One of the best ways to lower your risk of cardiovascular disease is to eat 3.5 ounces of cooked fish at least twice weekly, says the American Heart Association. Not all fish are equally beneficial, however. Certain varieties of oily cold-water fish are rich in heart-healthy omega-3 fatty acids while also low in potentially harmful contaminants such as mercury. Pregnant or nursing women, women who plan on becoming pregnant and young children should limit themselves to 12 ounces of low-mercury fish per week. Do not consume fish caught in local lakes or rivers until you have confirmed with local authorities that the fish is safe to eat.
Stock Up on Salmon
According to the Cleveland Clinic, Atlantic salmon is one of the richest sources of omega-3 fatty acids. A 3-ounce serving contains 1.9 grams, an amount that easily fulfills the Institute of Medicine's recommendation of 1.6 grams of omega-3 fatty acids per day for men and 1.1 grams for women. Salmon is extremely low in mercury, with only 0.01 parts per million in every 3 ounces. If fresh salmon is unavailable or beyond your budget, low-sodium canned salmon is a good alternative, with 1 gram of omega-3 fatty acids in a 3-ounce serving. Serve salmon with pasta, cooked whole grains or on top of mixed greens.
Have Some Herring
With 1.9 grams of omega-3 fatty acids per serving, 3 ounces of herring is as good a source of the fats as salmon and is considered by the Natural Resources Defense Council as one of the least contaminated types of seafood. Whenever possible, it's best to choose fresh herring: Pickled and smoked herring is high in sodium, with over 240 milligrams of sodium in a single ounce, and oil- or cream-packed herring is high in fat and saturated fat. Grill whole or filleted herring and serve it with fresh vegetables and grilled whole-wheat bread slices.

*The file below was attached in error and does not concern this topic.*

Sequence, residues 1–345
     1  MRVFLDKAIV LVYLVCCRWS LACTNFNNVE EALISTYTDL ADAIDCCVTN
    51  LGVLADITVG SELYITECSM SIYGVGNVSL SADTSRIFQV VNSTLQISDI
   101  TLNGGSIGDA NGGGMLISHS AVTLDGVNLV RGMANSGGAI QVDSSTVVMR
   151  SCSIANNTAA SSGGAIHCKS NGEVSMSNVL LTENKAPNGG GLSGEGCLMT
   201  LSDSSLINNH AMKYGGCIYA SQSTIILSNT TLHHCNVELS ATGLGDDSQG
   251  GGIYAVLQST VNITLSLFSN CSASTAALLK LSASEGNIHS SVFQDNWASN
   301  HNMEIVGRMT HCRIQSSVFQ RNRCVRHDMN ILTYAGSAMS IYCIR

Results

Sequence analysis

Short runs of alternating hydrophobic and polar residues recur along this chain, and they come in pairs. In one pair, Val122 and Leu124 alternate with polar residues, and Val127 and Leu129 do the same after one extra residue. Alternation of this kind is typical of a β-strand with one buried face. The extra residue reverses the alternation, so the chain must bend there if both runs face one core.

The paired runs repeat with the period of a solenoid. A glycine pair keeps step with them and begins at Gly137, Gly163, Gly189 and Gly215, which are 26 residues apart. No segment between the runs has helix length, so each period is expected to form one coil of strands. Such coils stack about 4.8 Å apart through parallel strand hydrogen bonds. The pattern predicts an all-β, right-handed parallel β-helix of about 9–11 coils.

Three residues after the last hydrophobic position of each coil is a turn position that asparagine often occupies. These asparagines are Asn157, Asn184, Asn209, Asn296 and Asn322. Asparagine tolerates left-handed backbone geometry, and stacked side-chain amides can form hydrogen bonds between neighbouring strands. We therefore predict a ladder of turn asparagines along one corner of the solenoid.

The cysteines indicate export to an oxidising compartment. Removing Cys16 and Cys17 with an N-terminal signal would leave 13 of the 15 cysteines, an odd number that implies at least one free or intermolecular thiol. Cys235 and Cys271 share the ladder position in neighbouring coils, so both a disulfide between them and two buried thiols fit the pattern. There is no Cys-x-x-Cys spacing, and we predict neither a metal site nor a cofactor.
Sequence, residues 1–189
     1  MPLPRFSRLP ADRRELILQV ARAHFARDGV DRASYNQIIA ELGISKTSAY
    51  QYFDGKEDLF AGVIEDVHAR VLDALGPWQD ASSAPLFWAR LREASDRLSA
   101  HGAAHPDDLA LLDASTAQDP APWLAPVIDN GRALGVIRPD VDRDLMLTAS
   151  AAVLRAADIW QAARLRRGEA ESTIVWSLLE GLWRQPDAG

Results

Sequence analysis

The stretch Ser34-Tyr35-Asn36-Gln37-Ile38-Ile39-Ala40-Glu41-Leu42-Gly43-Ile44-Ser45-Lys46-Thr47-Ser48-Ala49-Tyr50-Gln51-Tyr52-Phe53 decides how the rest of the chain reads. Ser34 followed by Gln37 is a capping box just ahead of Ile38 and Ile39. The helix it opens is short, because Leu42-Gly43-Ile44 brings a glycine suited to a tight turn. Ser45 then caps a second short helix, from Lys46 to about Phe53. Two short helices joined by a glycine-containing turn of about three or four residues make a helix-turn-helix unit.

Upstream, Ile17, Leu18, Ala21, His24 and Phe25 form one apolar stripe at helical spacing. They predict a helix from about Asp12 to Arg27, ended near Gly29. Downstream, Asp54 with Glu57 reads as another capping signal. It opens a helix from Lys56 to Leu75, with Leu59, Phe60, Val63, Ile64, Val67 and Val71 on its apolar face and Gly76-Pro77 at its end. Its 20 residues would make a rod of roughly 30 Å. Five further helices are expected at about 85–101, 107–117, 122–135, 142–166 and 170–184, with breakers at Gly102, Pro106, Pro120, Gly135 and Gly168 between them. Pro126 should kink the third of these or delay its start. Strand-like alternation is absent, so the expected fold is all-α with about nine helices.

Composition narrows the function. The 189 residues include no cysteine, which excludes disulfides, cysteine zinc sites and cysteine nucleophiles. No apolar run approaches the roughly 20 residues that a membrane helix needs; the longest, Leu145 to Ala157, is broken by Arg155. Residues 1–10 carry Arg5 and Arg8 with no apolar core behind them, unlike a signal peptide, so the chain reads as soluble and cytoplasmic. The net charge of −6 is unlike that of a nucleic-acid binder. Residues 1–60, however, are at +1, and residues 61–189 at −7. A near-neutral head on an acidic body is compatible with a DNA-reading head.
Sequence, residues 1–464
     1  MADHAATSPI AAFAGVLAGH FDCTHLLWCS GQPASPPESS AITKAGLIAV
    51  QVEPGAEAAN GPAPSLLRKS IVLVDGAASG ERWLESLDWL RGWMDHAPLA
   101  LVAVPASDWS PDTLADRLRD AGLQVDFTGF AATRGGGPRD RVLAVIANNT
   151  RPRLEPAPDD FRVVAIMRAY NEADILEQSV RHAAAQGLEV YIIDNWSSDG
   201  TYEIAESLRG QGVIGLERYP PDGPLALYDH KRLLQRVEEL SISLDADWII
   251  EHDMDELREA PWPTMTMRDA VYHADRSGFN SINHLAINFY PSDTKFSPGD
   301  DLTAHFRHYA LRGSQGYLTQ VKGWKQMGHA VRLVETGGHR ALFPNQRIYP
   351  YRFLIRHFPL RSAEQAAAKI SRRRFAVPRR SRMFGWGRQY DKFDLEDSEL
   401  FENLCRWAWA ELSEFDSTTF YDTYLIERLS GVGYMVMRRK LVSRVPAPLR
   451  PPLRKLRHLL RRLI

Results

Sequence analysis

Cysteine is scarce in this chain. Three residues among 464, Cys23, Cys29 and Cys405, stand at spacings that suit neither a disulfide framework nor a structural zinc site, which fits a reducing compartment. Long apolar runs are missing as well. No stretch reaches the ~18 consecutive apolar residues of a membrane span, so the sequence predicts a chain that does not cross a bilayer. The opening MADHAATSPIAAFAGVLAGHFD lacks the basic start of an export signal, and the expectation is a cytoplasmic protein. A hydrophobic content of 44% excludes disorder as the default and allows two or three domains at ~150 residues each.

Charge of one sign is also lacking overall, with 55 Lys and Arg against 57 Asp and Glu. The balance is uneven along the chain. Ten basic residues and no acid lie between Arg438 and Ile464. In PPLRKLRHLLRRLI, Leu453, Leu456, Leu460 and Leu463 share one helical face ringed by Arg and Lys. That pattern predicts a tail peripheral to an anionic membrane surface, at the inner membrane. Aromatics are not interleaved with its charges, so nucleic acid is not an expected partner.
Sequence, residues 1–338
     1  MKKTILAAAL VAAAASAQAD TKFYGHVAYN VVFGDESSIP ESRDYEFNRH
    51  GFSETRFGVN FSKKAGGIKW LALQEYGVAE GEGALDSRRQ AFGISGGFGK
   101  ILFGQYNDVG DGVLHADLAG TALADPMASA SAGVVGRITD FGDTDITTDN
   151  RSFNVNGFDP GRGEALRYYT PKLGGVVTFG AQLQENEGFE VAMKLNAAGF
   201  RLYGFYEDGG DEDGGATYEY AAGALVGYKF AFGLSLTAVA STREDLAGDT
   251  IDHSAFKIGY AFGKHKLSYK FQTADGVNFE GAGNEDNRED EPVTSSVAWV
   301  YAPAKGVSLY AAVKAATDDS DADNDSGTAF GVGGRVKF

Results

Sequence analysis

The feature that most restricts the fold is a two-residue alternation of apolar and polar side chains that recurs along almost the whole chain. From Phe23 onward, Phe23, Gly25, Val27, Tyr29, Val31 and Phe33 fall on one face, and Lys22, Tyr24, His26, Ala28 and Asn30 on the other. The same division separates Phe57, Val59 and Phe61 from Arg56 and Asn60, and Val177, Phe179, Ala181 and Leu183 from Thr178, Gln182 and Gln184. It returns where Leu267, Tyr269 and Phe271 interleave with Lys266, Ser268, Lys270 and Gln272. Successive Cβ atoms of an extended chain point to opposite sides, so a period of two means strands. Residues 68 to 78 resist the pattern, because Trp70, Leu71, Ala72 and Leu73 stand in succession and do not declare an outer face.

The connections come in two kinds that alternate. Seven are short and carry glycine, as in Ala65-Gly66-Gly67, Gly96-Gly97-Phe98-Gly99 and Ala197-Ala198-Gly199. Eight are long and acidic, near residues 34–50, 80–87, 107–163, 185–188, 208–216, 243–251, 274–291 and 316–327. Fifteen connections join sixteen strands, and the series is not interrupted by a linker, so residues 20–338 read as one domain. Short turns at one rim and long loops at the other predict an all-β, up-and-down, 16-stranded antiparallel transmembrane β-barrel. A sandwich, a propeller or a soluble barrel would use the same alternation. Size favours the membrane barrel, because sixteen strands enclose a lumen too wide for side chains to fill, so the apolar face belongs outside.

Opt for Anchovies
A 3-ounce serving of anchovies contains around 1.7 grams of omega-3 fatty acids. Anchovies are typically available packed in oil as fresh, pickled or cured fillets. If you're concerned about your sodium intake, consume anchovies only occasionally. Canned anchovies can contain as much as 1,000 milligrams of sodium in a single ounce, or over 40 percent of the 2,300-milligram daily sodium limit recommended for healthy adults. Experiment with drained, minced anchovies as a flavor enhancer in salad dressings or hearty pasta sauces before trying them on pizza or as the primary ingredient in a dish, suggests NPR writer Howard Yoon.
Seek Out Sardines
The Kitchn food writer Anjali Prasertong calls sardines the super-fish of the seafood world. Low in mercury and economical, fresh and canned sardines contain approximately 1.4 to 1.5 grams of omega-3 fatty acids in every 3 ounces. If you're using canned sardines, use a brand that's packed in tomato sauce instead of oil for less fat and cholesterol, though be aware that both are high in sodium. Try broiling, grilling or pan-searing fresh sardines; use drained, canned sardines in sauces or as a topping for salads.
- American Heart Association: Fish 101
- Cleveland Clinic: The Power of Fish
- Natural Resources Defense Council: Consumer Guide to Mercury in Fish
- University of Michigan Health System: Healing Foods Pyramid - Fish & Seafood
- USDA National Nutrient Database: Fish, Herring, Atlantic, Pickled
- ShopWell: Alstertor Herring Fillets
- USDA National Nutrient Database: Fish, Herring, Pacific, Flesh, Air-Dried, Packed in Oil (Alaska Native)
- The Kitchn: Healthy & Sustainable - 12 Ways to Eat Sardines
- USDA National Nutrient Database: Fish, Sardine, Atlantic, Canned in Oil, Drained Solids With Bone
- USDA National Nutrient Database: Fish, Sardine, Pacific, Canned in Tomato Sauce, Drained Solids with Bone
- Recipetips.com: Anchovy
- USDA National Nutrient Database: Fish, Anchovy, European, Canned in Oil, Drained Solids
- Centers for Disease Control and Prevention: Most Americans Should Consume Less Sodium
- NPR: Give Anchovies Another Chance